The hour grows late, and Leo, Jocelyn and Cassie make their way to their carriage. Cassie goes to sleep on the way home while Jocelyn cuddles against her husband’s side. His hand rests on her rounded stomach, and they both laugh softly when their baby kicks. A family outing to the Frost Fair ends with love and a snatched kiss just before the footmen opens the carriage door, and Leo hustles them inside out of the cold.

Note: The last Frost Fair took place during the winter of 1813-1814 when the ice was thick enough to lead an elephant across the river near Blackfriars Bridge. New innovation during the Victorian era increased the flow of the river and ended the entertainment known as the Frost Fair.

Sources: London by Peter Ackroyd, Georgian London, Into the Streets by Lucy Inglis and Daily Life in 18th Century England by Kirstin Olsen.

Mistress of MerrivaleMeet Jocelyn and Leo in Mistress of Merrivale – order at Amazon http://amzn.to/1eW93rW

Jocelyn Townsend’s life as a courtesan bears no resemblance to the life she envisioned in girlish dreams. But it allows her and her eccentric mother to live in relative security—until her protector marries and no longer requires her services.

Desperate to find a new benefactor, one kind enough to accept her mother’s increasingly mad flights of fancy, Jocelyn is nearly overwhelmed with uncertainty when a lifeline comes from an unexpected source.

Leo Sherbourne’s requirements for a wife are few. She must mother his young daughter, run his household, and warm his bed. All in a calm, dignified manner with a full measure of common sense. After his late wife’s histrionics and infidelity, he craves a simpler, quieter life.

As they embark on their arrangement, Leo and Jocelyn discover an attraction that heats their bedroom and a mutual admiration that warms their days. But it isn’t long before gossip regarding the fate of Leo’s first wife, and his frequent, unexplained absences, make Jocelyn wonder if the secrets of Merrivale Manor are rooted in murder…

Warning: Contains mysterious incidents, a mad mother who screeches without provocation, scheming relatives, and a captivating husband who blows scorching hot and suspiciously cold. All is not as it seems…and isn’t that delicious?

Golden Square, London

Visitors to London will notice there are lots of green areas in the Westminster and central city areas. Some offer workers a breath of fresh air and a place to while away their time during a lunch break while others are a private oasis available to the surrounding homeowners.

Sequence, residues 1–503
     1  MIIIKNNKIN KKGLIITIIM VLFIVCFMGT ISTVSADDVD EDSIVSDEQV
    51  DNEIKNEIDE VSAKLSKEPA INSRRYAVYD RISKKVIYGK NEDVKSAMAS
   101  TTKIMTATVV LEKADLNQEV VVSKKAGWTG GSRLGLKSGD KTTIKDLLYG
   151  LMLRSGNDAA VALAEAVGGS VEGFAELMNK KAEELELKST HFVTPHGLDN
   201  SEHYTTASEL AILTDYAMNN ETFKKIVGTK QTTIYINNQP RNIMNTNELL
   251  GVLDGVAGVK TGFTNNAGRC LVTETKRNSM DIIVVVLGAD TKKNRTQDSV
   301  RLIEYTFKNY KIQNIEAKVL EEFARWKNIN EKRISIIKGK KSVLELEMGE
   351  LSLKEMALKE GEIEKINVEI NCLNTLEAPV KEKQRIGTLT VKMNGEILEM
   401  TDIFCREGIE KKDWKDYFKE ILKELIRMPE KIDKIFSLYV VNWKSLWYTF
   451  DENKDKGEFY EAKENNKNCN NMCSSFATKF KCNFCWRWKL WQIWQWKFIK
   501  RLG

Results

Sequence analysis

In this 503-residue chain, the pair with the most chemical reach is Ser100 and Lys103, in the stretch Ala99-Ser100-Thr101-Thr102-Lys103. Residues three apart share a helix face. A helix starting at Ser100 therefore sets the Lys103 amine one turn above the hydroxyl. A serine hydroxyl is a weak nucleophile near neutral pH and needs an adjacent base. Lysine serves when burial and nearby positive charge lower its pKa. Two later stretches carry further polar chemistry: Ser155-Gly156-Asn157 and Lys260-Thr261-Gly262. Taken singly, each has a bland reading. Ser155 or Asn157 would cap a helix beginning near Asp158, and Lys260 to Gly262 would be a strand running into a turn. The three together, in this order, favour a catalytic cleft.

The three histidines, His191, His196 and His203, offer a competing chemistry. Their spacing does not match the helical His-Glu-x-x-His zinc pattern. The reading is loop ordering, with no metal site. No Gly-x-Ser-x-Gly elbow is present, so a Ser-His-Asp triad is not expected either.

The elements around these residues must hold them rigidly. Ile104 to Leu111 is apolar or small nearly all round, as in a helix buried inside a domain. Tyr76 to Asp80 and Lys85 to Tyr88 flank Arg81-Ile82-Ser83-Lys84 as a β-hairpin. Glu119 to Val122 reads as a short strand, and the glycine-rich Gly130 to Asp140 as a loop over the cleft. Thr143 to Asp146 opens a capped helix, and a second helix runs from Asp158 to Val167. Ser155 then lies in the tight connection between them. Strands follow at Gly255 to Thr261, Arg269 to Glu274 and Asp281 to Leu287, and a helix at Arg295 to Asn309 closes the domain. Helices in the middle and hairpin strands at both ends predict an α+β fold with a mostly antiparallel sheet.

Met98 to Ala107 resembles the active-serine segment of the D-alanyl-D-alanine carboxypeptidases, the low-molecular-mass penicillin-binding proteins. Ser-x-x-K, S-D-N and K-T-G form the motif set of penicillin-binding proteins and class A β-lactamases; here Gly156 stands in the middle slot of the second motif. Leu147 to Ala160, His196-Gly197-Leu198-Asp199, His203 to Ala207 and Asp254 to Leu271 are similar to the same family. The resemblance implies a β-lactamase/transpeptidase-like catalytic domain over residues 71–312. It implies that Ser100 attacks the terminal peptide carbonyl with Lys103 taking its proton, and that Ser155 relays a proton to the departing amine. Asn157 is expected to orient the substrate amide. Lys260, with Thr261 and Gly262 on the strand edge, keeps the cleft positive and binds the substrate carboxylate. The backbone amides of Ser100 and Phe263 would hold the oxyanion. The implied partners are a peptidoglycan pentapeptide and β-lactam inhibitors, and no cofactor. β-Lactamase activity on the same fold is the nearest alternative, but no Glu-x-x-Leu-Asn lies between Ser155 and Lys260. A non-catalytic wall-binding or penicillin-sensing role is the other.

London’s squares date back to the mid 17th century. They were an English concept, copied by other cities and countries.

Golden Square (thought to originate from Gelding Close when the land was used for grazing horses) began life in 1673 when John Emlyn and Isaac Symball initiated development here.

Early residents of the thirty-nine houses that surrounded the square were the Duke of Chandos, the 1st Viscount Bolingbroke and the Duchess of Cleveland. During its early years the square was a political centre and a sought-after address. This changed by the 1750s when newer and more fashionable addresses to the west on the Burlington estates became favored.

Foreign diplomats moved in from 1724 to 1768 and later 18th century residents included dancer Elizabeth Gamberini and singer Caterina Gabrielli.

Charles Dickens used Golden Square as a setting for one of the houses in his novel Nicholas Nickelby in 1839. The woollen and worsted trade moved in toward the end of the 19th century.

During the Second World War an air raid shelter was dug beneath the garden and the iron fence taken for salvage. Restoration work took place after the war and the garden was opened to the public in November 1952.

We visited on a sunny weekday and the square was full of workers eating their lunches. Not a bad place to be during a lunch break.

Golden Square

Golden Square Sign

Golden Square

Sources:

Informational sign at Golden Square

The London Square: Gardens in the Midst of Town by Todd Longstaffe-Gowan

13 Facts Learned from Eavesdropping on Jane Austen’s England

Thursday Thirteen

I’m currently reading Eavesdropping on Jane Austen’s England, How Our Ancestors Lived Two Centuries Ago by Roy & Lesley Adkins. While the title mentions Jane Austen and there are excerpts from her correspondence, this book really deals with birth, life and death during the period of Jane’s life – 1775 to 1817. I find some non-fiction titles a bit dry, but I’m actually reading a lot of this one. A good sign!

Thirteen Interesting Facts Learned from Eavesdropping on Jane Austen’s England

1. Armed with the might of the Bastardy Act (1733) parish overseers would take unmarried mothers to the magistrate where they were forced to reveal the name of their baby’s father. The father was then offered the choice of marrying the woman or paying the parish with the costs of raising the child or a prison sentence

2. Forced marriages were commonplace – either in the case mentioned above or one arranged by parents to ensure their children were secure. Happiness was secondary to wealth.

3. Finding  a suitable husband was difficult and stressful since men were in short supply due to war injuries and fatalities.  Also those in apprenticeships weren’t allowed to marry.

4. Weddings took place in the church, and they were low key compared to our modern day weddings.

5. Weddings took place in the morning due to a canon law, which endured until 1886

6. Divorce was difficult. There was, however, a poor man’s version of divorce where a man could sell his wife. It was thought if a man tied a rope around his wife’s neck and led her to a public place then sold her this was a binding and legal transaction. Sometimes these sales were pre-arranged. Sometimes the wife was agreeable to the sale.